It’s no picnic becoming a 19-year-old movie star. At 12, Christian Slater broke down crying on the set of The Invisible Boy when the script called for him to take off his clothes. At 14 he begged a cruel movie executive not to make him pull down his pants for the camera while filming Twisted. When he was 15, he had to parade around in a dress, lipstick and a wig in The Legend of Billie Jean. Slater spent most of his 16th year trying to hide a monk’s tonsure shaved for The Name of the Rose and went through the embarrassment of exposing his altogether for that film’s nude love scene.
“I’ve done some ballsy shit, man,” he says. Slater looks happy but a little rumpled, as if he just woke up from a long nap. He is having lunch at Ivy at the Shore, a chic L.A. restaurant not far from his apartment. Advance screenings of his latest film, Heathers, a black comedy about high-school murder and teen suicide, have gotten very good reviews. Slater plays the lead, a bad boy named J.D. who seems to have learned to talk by watching Jack Nicholson movies. (“Fifteen or 20 years ago,” says Heathers director Michael Lehmann, “a kid would have done it as Marlon Brando or James Dean. Nicholson is the psychotic hero of our decade.”) Slater has gotten a lot of attention — much of it praise — for his gravel-voiced portrayal of a gun-toting young man who reacts to high school the way Dirty Harry reacts to bank robbers.
Slater says his Nicholson take in Heathers was a tribute to the man he thinks is “the best actor around.” And that was a risk. If people don’t understand it, “the hell with ’em,” Slater says, shrugging. “I don’t care. I did it. Fuck it. I had fun doing it.” Such nonchalance dissolves, though, when it’s suggested that Slater will surely hear from Nicholson. “Do you really think so?” he says. Even in real life, Slater’s speaking voice stays pretty close to Nicholson’s. But at times like this, when he’s excited, he reverts to the diction of a trained actor. “If I met him, I don’t know what the hell I would do. I would probably die.”
He leans back in his chair, takes a bite of his crab cakes and returns to cataloging his onscreen embarrassments. “There’s a scene in Heathers where I’m lying on the ground after a strip croquet game,” he says, “and they wanted me to show off some body. I said, ‘No, no, no, I’m not showing off any of my things — no heinie, no nothing. None of that.’ I’ve already put myself out on that line. I didn’t have to do it again.”
Slater showed off a few of his things in The Invisible Boy, wearing a body stocking. That wasn’t so bad. But in his next film, the never-released Twisted, there was a scene that wasn’t in the script that called for him to be chased by a babysitter. The babysitter was told to catch up to Slater sometime after the second lap around the couch, grab the back of his pants and pull them down, just a little. One movie executive told the 14-year-old it would “work for the film.” Another told the sobbing Slater he had to do it because he hadn’t written into his contract that he refused to do nudity.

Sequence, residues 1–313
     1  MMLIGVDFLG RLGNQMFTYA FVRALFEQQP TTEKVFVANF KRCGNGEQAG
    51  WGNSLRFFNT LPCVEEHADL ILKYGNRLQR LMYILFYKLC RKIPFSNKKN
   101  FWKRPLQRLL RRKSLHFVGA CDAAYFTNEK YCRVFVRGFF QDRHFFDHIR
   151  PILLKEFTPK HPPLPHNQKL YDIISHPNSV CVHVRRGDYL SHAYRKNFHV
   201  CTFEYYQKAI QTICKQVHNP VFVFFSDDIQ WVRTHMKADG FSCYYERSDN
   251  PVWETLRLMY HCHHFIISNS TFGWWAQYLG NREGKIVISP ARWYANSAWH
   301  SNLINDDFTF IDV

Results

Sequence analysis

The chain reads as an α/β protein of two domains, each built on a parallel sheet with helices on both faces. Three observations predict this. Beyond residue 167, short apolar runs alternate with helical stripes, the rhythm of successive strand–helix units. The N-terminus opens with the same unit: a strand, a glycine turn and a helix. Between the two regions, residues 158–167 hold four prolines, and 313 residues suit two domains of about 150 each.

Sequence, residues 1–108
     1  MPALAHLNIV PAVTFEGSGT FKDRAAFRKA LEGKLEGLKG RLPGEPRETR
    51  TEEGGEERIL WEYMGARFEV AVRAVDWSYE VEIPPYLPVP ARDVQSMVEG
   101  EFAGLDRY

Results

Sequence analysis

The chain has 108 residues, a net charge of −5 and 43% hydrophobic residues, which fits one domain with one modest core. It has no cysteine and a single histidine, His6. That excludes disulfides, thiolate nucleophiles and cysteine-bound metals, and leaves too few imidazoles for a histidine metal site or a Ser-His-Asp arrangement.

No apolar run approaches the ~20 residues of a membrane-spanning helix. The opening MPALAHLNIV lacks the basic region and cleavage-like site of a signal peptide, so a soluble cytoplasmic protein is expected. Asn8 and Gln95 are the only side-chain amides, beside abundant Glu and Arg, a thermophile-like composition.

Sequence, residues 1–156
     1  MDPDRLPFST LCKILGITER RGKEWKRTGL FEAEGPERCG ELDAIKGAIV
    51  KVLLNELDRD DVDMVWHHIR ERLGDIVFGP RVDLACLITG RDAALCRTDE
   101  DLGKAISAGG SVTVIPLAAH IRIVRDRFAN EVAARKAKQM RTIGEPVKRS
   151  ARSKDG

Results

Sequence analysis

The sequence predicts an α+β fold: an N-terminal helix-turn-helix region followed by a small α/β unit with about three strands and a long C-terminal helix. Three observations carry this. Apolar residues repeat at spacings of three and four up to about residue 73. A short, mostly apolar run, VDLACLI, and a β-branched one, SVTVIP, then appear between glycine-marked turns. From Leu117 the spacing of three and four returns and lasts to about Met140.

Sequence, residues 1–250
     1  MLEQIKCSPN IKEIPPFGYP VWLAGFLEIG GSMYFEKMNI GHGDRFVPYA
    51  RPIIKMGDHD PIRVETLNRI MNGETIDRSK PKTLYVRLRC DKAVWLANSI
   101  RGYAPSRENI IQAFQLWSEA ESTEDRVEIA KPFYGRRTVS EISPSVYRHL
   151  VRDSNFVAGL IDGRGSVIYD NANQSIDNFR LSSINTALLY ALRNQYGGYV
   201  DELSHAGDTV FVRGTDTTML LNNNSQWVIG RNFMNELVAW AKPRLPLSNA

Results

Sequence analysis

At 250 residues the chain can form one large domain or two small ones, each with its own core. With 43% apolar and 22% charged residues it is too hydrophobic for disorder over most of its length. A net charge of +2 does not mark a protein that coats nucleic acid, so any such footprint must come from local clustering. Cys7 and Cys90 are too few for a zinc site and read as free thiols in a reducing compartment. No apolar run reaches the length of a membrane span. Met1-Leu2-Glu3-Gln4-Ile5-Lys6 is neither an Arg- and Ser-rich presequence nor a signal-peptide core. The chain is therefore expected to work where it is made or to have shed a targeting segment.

Slater’s hand hits the table. “I think I was drugged and kidnapped for that film,” he says. “I had a guardian appointed, but maybe she was working for them, because she didn’t support me in any way. I tried to call my mother, and the line was busy.”
The son of stage actor Michael Hawkins (the original Frank Ryan on Ryan’s Hope) and casting director Mary Jo Slater (who carried him onto the stage of a theater where she was working when he was three months old, raised him over her head and announced, “This is your life, my son!”), Slater grew up in New York and attended the posh Dalton School until an appearance on The Joe Franklin Show with his mother when he was nine led to a chance to go onstage with Dick Van Dyke in a revival of The Music Man. He switched to the Professional Children’s School after that and began his nervous climb toward stardom. He got roles in Broadway productions of Macbeth and David Copperfield, played Oliver in summer stock and began landing those embarrassing movie parts. His career picked up speed in 1987, when he moved to Los Angeles with his mother (his parents had split up when he was small; his father also moved to L.A., where he’s active in local theater). That year, he was cast in Francis Coppola’s film Tucker as Preston Tucker Jr. Last year, he starred in a skateboard movie called Gleaming the Cube, which got mostly terrible reviews — for everything except Slater’s earnest performance.
Now Heathers has delivered the big payback: a star-making role for an actor who’s never had the same hair color, accent or age for two films in a row and who, as he says, “never said to [the director of Name of the Rose], ‘Wait! Stop! Hold it! Let’s find another way to shoot this love scene! I’m not showing off my weenie to all these Italians!’ “
It’s several days before the opening of Heathers, and Slater is thinking about what the movie may do for him. He is sitting anonymously by the Santa Monica boardwalk, aware that this may be one of the last days left in his life when he can hang around a public place without being set upon by fans. “I’m kind of looking forward to that,” he says, and gives a crooked smile. “I mean, I’m dying for it! I think it would be so much fun to have girls chasing me down the street!”